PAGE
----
A little bird told me that a lot of “RHOA” is staged for money.

      • April 13, 2014 - Reply

        @ALM247

        Yeah, and it’s not just Black women. Peter on Love & Hip Hop NY did it for the money, as did Sonja Morgan on Real housewives, and Chris Crissley. A lot of these people have financial issues that lead them to signing up for these shows.

  5. April 9, 2014 - Reply

    Every black woman on Reality TV is just another version of Amorosa from Donald Trump’s Apprentice Reality Show. She was the first black female reality tv star who America hated.

    Say what you want but it’s a pretty accurate representation of THAT particular black woman and an accurate representation of a few black women who we’ve all unfortunately come in contact with. Whether it’s the post office/store clerk or cashier, the woman with an official title and a little authority, school mate, neighbor, female relative or random encounter. We’ve all met her. To act as if these black women don’t exist or are not a sizable percentage of black women is a rejection of what you’ve seen with your own eyes and heard with your own ears. lol (My guess is it’s about 30%) They’re loud, aggressive, myopic, don’t have a filter and use those characteristics to intimidate and get their way by force.

    • April 9, 2014 - Reply

      @KIR12

      @ KIR12: The issue is, you have women like that in all races. I have worked with women like that who were not African American, and they had to almost cut someone’s tires before someone would complain about them.

      People are quick to complain about the attitudes of African American women, but when not African American women have bad attitudes, people pretend that they don’t notice or they give those women the benefit of the doubt.

  6. April 9, 2014 - Reply

    As a black woman, millenial, and a jr. level tv exec for a reality
    production company, I completely agree with your sentiments. One of my
    goals as I get my career off the ground is to be a voice of the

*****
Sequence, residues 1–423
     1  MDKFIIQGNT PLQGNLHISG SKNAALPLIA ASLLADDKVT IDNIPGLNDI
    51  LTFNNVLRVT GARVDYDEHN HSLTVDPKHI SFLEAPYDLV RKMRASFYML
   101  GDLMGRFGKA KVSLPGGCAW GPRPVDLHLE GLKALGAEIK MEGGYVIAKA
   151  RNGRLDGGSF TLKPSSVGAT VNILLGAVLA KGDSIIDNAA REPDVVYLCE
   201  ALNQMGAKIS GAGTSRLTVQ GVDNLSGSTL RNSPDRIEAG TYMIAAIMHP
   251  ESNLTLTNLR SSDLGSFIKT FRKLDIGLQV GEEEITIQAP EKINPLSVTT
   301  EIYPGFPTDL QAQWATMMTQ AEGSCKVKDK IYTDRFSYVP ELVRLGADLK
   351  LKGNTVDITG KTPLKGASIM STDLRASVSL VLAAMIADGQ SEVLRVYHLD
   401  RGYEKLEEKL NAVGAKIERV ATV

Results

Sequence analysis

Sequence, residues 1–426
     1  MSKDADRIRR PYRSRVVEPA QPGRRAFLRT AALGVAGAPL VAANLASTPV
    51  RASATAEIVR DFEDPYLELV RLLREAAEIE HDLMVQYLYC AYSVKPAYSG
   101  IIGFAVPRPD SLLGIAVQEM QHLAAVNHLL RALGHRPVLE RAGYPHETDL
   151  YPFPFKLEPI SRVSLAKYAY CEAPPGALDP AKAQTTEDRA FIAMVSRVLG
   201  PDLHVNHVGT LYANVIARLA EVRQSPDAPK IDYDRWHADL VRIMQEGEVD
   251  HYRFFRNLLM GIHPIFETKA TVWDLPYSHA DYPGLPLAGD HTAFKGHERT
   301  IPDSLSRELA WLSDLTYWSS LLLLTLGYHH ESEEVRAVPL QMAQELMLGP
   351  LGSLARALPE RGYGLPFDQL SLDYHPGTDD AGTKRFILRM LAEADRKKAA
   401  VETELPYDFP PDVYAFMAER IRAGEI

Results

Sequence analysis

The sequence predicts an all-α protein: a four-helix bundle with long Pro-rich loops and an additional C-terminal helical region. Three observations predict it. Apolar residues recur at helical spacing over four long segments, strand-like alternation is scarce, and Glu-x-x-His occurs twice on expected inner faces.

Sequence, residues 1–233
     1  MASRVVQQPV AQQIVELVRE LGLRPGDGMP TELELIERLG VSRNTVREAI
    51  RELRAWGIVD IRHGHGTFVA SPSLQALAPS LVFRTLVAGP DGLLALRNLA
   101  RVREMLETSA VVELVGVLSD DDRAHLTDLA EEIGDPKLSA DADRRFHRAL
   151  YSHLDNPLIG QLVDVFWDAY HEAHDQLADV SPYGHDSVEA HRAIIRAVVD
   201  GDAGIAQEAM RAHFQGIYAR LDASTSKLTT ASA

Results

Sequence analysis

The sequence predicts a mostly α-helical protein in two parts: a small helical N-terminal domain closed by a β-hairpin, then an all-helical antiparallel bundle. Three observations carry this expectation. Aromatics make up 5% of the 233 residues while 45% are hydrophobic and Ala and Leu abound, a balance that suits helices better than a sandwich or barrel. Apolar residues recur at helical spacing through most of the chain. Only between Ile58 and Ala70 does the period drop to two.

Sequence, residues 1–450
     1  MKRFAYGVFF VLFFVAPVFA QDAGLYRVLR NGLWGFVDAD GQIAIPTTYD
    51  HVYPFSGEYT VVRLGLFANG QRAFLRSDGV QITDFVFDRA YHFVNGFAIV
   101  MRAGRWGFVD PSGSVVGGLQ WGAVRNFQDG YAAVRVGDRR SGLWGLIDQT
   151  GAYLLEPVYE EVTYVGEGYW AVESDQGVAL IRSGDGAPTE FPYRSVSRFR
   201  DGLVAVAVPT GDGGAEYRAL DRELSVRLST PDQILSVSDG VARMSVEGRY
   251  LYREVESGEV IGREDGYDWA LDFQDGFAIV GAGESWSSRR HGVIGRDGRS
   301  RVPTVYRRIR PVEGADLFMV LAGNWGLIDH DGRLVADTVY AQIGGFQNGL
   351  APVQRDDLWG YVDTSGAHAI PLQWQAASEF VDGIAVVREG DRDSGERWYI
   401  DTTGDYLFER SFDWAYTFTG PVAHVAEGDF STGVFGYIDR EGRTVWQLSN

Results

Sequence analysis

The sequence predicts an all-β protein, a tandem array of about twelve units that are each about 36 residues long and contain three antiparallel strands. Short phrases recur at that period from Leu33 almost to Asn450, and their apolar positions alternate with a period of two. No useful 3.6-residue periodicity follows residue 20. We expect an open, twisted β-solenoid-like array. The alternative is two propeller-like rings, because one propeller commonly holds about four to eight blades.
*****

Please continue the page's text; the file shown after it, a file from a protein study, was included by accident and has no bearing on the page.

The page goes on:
underrepresented side of our culture.

    We are seeing resurgences
    of things that have always BEEN in our culture (from types of dances,
    hairstyles, music, and everything in between) and we have so many other
    things and people to be proud of, yet all of those positives and the
    ways in which that black community has helped shape today’s society are
    left in the dust, while we put the bad behavior under a microscope and
    on our tv screens. By allowing others to “tell” our stories, we end up
    with copycat shows that harm our self perception and how other groups
    perceive black women. Frankly, I’m tired of it.

    I’ve never been one to support a misguided message about my people and vow to help change the conversation.

    So, rest assured, in the coming years, you will (hopefully) see some
    programming that reflects the broad interests and achievements of our
    culture and not just programming that plays into these preconceived
    stereotypes of our women and men.

  7. April 9, 2014 - Reply

    “I think there’s a real interest in African-American culture overall. It’s an under served audience.”

    Nope. There’s an interest in making money. If you watch closely, there are a lot of fans of these shows of all races. Television stations only care about money.

    If they really cared about “culture”, they would show ALL aspects of culture, including African American engineers, doctors, lawyers, business owners, etc. There would be 10 shows on similar to “The Cosby Show”, “Living Single” or “A Different World”.

    Have you noticed how both television and movie execs continue to ignore the cries of the African American community about stereotypes?

  8. April 10, 2014 - Reply

    Mona Scott? Really? She is the last person I would quote. Bottom-line, she is selling ratchet tv to the highest bidder.

  9. April 10, 2014 - Reply

    Nene is gonna ride this reality gravy train till the wheels fall off. LOL!

  10. April 10, 2014 - Reply

    This is just my opinion but reality television is about pandering to the lowest common denominator.

  11. April 11, 2014 - Reply

    Reality tv is the worst thing to happen to black women since BET.

    There’s nothing realistic about it and what is represented is just pedestrian and demeaning. Grown women fighting, throwing things, acting like children, cursing and backstabbing each other left and right. It’s just sad and adds on to the already horrible perception of black women. Keep in mind, the WORLD sees this garbage and takes it all in, not limited to the U.S.